I nodded. This was actually pretty cool. They were like a new group of friends I was having forced on me. I could live with that. Made it easy. And they'd know all the stuff about being dead so that might be a little less scary. For some reason though I hadn't been worried about the fact that I was living dead.
The bus slammed to a halt at the red light and we all lurched forwards in unison on the bus. All of us trapped in the same misstep by the bus driver, like a really boring and expensive dance with a crappy instructor. Mika pointed out the window. “There it is.” I followed her long brown arm and bright green nail to a coffee shop across the road. It was the coffee shop that I had been heading to on the day that I died. The expensive one. The one that I had been going to in order to meet someone.
“Oh!” I yelled. “Oh my god! You!” I half stood up in my seat, unable to hold inside me the revelation that had hit me. I needed this energy to go somewhere, I needed to be able to get up and pace but I was trapped on this bus. I head bumped the bag racks as we went over a speed bump and pulled up across from the coffee place. “You!” I pointed at Mika. “Holy crap. I came here to meet you.”
Branden fist bumped the air, Renee and Warren smiled at each other, but I didn't even notice. I just stared at Mika. She looked exactly like the photo on her dating profile. We'd chatted for months before deciding to meet up in a public coffee shop. Both of us were pretty paranoid and scared of meeting someone from the internet, fear ingrained in us by overprotective mothers. So we'd decided to meet in a coffee shop and see what happened. But I'd been killed by a car crossing the road as I went to meet her. She must have thought I'd stood her up. “I didn't stand you up!”
Mika smiled. “I know. I saw you get hit by the car. I called the ambulance. There was nothing they could do though, something got broken inside you and you bled internally. Bit of a full on first date. I never thought you'd be the one to get out of that grave today, but when I saw the name on the headstone I couldn't believe it.” I stared at her. I had fallen in love with this woman online months ago, gone to meet her, died, come back to life. “I may not be superstitious,” I whispered, “but this sure does feel like a second chance.”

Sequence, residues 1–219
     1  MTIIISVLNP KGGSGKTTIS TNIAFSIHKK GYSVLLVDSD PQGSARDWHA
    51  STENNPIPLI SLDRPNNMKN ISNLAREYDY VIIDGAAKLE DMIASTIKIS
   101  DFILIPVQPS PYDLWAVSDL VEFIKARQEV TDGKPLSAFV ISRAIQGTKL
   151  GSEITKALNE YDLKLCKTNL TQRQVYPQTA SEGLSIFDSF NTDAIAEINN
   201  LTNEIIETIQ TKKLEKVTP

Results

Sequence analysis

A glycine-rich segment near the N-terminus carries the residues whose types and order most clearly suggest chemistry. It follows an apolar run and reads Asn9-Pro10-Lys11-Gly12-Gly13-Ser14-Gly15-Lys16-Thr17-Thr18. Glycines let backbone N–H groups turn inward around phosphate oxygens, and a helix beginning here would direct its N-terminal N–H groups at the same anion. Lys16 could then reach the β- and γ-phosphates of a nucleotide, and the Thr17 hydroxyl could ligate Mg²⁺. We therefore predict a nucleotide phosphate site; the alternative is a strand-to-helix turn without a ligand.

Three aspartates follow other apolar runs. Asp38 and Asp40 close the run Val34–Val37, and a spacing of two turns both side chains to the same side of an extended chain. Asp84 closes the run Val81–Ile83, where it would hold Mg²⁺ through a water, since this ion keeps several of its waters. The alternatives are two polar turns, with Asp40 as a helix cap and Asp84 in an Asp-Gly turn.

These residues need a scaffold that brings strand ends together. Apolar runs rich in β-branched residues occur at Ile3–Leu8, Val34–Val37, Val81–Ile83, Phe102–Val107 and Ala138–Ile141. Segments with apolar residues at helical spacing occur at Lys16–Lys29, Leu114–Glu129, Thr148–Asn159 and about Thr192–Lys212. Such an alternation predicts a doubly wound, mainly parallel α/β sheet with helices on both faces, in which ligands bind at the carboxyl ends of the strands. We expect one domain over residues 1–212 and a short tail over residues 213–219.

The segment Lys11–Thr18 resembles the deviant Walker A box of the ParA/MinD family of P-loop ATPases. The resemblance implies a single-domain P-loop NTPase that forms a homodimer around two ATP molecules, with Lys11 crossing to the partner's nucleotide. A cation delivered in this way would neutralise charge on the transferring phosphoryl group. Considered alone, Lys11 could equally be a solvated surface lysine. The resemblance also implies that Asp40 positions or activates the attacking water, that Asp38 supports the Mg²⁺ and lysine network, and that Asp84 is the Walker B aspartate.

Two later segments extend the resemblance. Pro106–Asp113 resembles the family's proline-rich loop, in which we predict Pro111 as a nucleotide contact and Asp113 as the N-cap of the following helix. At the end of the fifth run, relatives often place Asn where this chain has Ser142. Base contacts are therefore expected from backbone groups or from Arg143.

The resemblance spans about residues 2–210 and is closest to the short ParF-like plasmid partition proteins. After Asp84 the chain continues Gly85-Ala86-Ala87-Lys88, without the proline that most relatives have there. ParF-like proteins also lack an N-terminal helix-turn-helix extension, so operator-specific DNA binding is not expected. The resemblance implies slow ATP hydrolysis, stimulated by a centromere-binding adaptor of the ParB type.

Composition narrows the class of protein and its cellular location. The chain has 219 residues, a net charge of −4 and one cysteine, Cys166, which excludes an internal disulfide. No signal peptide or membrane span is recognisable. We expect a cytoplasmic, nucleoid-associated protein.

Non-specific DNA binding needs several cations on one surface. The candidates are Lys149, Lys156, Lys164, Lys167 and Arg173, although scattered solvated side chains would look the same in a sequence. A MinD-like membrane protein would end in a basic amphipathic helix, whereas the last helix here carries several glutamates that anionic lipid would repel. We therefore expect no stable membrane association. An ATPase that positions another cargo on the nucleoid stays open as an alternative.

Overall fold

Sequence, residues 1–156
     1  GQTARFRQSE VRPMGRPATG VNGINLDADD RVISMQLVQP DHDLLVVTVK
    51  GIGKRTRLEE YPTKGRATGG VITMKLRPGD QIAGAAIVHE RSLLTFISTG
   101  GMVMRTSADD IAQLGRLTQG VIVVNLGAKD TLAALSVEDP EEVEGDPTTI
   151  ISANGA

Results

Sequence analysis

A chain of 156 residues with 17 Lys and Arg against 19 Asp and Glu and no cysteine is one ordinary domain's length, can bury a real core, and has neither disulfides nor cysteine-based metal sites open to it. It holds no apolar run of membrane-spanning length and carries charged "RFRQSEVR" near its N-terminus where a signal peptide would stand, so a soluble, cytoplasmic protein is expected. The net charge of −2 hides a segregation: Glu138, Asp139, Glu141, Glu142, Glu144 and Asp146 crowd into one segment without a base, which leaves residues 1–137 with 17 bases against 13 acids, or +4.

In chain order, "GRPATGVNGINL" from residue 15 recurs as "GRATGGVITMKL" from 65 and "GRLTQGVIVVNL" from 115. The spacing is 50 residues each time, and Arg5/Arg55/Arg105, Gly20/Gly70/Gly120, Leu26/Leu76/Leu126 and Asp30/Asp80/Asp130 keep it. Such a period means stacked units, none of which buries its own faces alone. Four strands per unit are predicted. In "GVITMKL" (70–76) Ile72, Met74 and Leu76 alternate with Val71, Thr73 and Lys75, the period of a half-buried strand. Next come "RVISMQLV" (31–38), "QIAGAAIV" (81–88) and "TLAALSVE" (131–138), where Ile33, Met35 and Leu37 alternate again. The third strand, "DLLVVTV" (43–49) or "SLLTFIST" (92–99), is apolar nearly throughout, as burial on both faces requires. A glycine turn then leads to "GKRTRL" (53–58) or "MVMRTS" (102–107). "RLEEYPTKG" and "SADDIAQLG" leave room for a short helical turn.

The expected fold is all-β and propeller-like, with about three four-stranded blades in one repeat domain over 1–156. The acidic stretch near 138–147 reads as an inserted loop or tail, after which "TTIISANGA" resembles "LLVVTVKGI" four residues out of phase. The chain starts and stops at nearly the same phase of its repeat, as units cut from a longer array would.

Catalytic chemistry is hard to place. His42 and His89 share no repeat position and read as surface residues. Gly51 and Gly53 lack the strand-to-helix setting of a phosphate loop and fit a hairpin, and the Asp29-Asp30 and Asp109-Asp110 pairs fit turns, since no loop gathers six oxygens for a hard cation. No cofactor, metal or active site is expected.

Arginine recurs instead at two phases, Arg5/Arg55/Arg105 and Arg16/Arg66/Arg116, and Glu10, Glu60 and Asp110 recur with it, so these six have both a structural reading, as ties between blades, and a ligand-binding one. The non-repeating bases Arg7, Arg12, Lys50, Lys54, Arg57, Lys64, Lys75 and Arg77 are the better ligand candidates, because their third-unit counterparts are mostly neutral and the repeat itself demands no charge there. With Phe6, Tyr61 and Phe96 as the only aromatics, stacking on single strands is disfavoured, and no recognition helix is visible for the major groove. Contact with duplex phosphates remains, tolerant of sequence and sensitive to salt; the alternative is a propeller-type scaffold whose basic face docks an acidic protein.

The bus driver yelled “This is the final stop!” And we got off the bus, holding hands. Time for some coffee.
[content warnings: eating disorders, weight loss]
One size fits all
Is what they say
But what they really mean
Is that there is only one size that you should be
And that is thin, prim, tiny, small, petite
Don't you eat that treat sweetie
Don't you know it'll go to your hips
Don't let those nasty things get past your lips
Count the calories, one two three
Watch your weight, it's all you can see
Trickling away, trickling down
Oh babe you look so good
Do you wanna come home with me?
You're my kinda gal
A one size fits all kinda gal
Going in and out in all the right places
Making all the right faces
Sssshhh honey don't cry
One size fits all baby
Don't you know that?
Almost lost myself
Whittled away, washed away
Gone away, no holiday
Found myself, laid some words on thick on my bones
Plastered on some ideas and some happiness
Some love and some sadness
Some care and some bitchiness
Some fear and some weakness
Some hope and some forgiveness
All the things that make me thick
Sticking them on my bones
One size fits all, no way!
Maybe in your beauty hegemony
But babe why don't you look at me
Your hegemony is empty
We were free, on our way home. Water spray floated in the air, lingering on my face. It felt so fresh. I closed my eyes and took a deep breath.
“What are you smiling about?”
A hand on my shoulder, movement in the air next to me.
“I'm just glad we're heading home.”
I opened my eyes. Sara was looking out over the railing at the waves. Short black hair, a slight frown on her face, legs braced slightly as the boat rocked... She was stunning. To have gone through it all and come out with the ability to still look forward, standing up with such strength, made me love her all the more.
I cast a glance back at the coast. The palms waved gently at us, as though the beach was saying goodbye. I hoped it would stay this peaceful. I hoped they wouldn't realise we'd found a way to escape. If they did- A bump against my leg. A ball. Minny's child. One of the few children not taken by them. Minny's wife had been taken. Don't think about it. I reached down, grabbed the dirty cloth ball and tossed it back. A solemn looking child, I could only imagine how the terror of the past few years must have affected her.
It was getting dark and some clouds were starting to appear. It was time to start sorting out the rations and seeing what we were having for dinner. We were taking it in turns to prepare meals, divvying up the workload. Tonight Lara and Luc were in charge. Back on the beach, mealtimes were always hurried. Now, we had the time to prepare food the way we used to at home. We could pour our love, songs, thoughts and culture into our food. Our food could help us heal. At least, that's how I felt.
Lara and Luc were in the belly of the ship. Everyone was starting to make their way down. Altogether, there were 38 of us on this ship. We had a sister ship as well, with another 23 of our people who had fled the beach. They would be sitting down to dinner as well. It was a meal of fish, herbs and the few vegetables we had been able to bring along with us. As we all finished dinner, the children gathered together in a corner as Minny started to tell a bedtime story about our homeland. The adults all slept in a large area together. It made us feel safe, to be surrounded by so many others.
I woke up in the early morning, jerking myself out of Sara's embrace. The boat was rocking. It was moving so much. The storm outside was throwing us about like it intended to kill us. The children woke up and started crying. Sara looked at me with fear in her eyes and my heart broke that she should feel like that. My heart hammered in my chest, in my throat, it felt like it was catching, like I was swallowing it and choking on it at the same time.